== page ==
(b) Anyway, Paul’s argument that once a person is truely saved by the merits of Christ are freed from the penalty of Sin (Hell) is in 100% Agreement with Rome.

    Really, have you not read Trent either? CANON IX.-If any one saith, that by faith alone the impious is justified; in such wise as to mean, that nothing else is required to co-operate in order to the obtaining the grace of Justification, and that it is not in any way necessary, that he be prepared and disposed by the movement of his own will; let him be anathema.

    Yet, the Scriptures say; But as many as received him, to them gave he power to become the sons of God, even to them that believe on his name: Which were born, not of blood, nor of the will of the flesh, nor of the will of man, but of God.

    Why??? Well, for the simple fact that Nobody is “technically” “saved” until he/she is pronounced Saved by the Judgment Seat of Christ—[cf. Rev. 20:11-15; Matt. 25:31-46; 1 Cor. 5:10].

    That’s incorrect. John 5:24 Verily, verily, I say unto you, He that heareth my word, and believeth on him that sent me, hath everlasting life, and shall not come into condemnation; but is passed from death unto life.

    Matt 25 has to do with the separating of the sheep and goats and does not teach that salvation or justification are eschatological categories. You’re reading into the passage things that aren’t there.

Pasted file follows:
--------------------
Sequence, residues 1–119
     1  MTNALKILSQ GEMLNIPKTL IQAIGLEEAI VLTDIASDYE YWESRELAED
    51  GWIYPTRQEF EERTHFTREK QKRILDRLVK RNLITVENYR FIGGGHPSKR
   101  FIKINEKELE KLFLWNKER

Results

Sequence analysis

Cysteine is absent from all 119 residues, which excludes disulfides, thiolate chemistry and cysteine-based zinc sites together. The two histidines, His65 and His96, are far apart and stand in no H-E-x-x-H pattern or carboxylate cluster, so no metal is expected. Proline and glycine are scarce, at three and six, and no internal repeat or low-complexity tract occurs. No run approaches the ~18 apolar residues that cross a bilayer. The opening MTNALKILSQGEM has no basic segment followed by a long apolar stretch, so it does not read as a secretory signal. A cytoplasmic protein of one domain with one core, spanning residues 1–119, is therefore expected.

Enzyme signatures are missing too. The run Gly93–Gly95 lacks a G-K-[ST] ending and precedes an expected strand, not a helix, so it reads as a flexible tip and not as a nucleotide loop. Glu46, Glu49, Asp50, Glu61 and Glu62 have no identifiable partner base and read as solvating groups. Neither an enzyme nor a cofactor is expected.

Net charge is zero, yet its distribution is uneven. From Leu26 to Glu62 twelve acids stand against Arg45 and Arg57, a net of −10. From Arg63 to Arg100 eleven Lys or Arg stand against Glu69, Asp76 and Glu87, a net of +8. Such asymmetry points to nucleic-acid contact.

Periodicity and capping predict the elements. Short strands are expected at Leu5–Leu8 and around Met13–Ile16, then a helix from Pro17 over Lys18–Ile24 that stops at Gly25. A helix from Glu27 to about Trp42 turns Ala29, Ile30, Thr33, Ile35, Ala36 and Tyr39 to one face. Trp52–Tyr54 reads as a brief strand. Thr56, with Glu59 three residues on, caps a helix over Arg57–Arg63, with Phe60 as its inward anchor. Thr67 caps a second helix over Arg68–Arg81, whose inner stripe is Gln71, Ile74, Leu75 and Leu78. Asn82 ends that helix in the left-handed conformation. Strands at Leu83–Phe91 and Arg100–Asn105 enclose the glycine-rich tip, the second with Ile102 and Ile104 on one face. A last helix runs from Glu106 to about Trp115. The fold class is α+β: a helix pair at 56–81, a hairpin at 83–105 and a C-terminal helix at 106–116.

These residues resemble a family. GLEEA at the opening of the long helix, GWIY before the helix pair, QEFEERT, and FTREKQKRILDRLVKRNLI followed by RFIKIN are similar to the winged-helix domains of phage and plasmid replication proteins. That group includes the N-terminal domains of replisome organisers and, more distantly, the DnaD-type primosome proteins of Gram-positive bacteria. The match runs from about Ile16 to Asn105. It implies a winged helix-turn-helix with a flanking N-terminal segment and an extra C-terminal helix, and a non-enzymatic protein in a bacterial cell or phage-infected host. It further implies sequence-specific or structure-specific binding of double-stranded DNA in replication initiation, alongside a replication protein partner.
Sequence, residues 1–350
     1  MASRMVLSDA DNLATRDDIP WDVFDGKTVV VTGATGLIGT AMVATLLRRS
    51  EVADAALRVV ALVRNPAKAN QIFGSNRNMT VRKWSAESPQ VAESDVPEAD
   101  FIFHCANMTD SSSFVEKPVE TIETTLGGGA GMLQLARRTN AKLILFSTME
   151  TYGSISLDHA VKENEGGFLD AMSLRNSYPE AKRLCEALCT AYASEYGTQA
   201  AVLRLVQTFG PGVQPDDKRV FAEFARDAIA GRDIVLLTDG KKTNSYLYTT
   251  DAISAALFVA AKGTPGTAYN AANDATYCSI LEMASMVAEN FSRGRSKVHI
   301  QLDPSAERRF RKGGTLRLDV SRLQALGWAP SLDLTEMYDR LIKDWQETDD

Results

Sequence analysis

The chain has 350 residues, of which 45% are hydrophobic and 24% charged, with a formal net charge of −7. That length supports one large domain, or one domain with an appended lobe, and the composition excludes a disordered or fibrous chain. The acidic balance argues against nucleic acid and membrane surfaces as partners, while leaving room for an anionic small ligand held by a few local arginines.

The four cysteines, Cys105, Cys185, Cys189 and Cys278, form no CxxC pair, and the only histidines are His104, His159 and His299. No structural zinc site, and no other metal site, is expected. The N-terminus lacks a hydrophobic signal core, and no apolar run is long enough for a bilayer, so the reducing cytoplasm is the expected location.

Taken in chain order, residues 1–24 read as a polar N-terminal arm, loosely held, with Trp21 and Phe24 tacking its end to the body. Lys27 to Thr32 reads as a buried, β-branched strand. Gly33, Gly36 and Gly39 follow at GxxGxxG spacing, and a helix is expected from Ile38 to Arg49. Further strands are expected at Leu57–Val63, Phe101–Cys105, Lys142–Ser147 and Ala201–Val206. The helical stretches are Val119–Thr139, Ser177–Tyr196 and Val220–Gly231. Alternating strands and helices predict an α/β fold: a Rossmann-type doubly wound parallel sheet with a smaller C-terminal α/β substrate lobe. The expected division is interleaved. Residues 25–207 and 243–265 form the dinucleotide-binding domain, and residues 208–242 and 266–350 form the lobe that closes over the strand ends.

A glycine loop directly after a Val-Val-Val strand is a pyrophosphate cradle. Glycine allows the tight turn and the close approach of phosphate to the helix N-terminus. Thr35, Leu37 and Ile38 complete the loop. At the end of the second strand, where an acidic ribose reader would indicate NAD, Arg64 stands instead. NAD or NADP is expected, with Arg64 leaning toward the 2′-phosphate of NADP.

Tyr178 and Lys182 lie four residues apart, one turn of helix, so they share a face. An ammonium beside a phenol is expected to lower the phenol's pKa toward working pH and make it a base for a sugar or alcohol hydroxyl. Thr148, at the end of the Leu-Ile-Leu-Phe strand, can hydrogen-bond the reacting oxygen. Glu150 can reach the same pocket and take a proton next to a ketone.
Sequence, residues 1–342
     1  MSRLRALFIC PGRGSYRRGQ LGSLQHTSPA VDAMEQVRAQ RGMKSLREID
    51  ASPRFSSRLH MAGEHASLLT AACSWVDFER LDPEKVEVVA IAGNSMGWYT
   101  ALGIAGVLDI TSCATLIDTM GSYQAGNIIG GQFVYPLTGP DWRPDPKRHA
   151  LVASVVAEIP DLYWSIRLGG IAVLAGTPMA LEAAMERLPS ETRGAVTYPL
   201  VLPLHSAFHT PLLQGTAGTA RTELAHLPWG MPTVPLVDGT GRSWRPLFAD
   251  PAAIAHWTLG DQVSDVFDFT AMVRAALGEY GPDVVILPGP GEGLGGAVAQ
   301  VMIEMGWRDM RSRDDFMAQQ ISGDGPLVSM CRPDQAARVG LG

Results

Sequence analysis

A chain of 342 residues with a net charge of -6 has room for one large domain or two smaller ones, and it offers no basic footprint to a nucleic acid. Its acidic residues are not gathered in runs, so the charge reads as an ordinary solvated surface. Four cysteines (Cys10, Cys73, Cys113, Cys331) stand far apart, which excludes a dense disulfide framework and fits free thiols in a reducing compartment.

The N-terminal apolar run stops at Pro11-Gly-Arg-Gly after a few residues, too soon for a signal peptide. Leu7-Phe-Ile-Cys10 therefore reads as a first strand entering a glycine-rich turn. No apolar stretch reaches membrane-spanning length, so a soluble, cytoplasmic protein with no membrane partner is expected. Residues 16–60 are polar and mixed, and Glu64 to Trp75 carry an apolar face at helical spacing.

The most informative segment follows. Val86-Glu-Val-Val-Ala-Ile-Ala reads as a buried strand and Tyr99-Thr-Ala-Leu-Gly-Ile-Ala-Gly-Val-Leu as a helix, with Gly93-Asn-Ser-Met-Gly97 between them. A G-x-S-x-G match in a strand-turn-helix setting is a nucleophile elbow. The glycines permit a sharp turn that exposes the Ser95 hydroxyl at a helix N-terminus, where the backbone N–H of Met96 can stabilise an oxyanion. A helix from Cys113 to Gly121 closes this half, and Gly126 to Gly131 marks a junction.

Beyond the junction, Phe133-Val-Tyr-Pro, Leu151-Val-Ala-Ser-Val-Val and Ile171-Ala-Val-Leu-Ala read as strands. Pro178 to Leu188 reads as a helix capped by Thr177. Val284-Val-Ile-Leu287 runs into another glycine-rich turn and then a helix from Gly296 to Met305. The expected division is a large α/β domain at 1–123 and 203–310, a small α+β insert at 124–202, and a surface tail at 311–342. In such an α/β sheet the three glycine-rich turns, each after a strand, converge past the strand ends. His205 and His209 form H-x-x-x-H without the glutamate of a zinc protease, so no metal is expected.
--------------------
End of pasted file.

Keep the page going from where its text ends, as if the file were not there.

This is 1Co 5:10; Yet not altogether with the fornicators of this world, or with the covetous, or extortioners, or with idolaters; for then must ye needs go out of the world. How does this make your case? Did you pick the wrong verse from your RC apologetics handbook? As for the passage in Revelation, again, I don’t see it making your case? Those whose name was not written in the book of life were judged and cast into the lake of fire. Names weren’t written into the book of life at judgment, they were already there. Looks like you’re guilty of more esisgeis.

    In other words, if a heavily rich person is indicted by the State for murder, and he hires a “John Roberts”-type attorney for “the best that money can buy” (allegory for Jesus’ Saviorship), it would be irrational for him to prematurely announce that he is “Not Guilty” before the verdict. Yes, there is a 99.99% chance that the attorney can get him off b/c he is that good, but there is still a chance that he/she will get convicted (conviction is an allegory for Post-Born Again sin).

    If Jesus paid the penalty due those for whom he died, three is a 100% chance that their sins were paid in full on that cross some 2,000 years ago. Jesus said those who believe his words already has eternal life and have already passed from death to life.

    The Roman idea of justification as a cooperative process is merely a denial of the sufficiency of Christ’s perfect sacrifice. It’s akin to spitting in Christ’s face.

    Looks like you’re working for nothing.

    (c) As for the claim that it is “foolish” that I am submitting myself to the “bondage” of having to live out the Moral Law of God,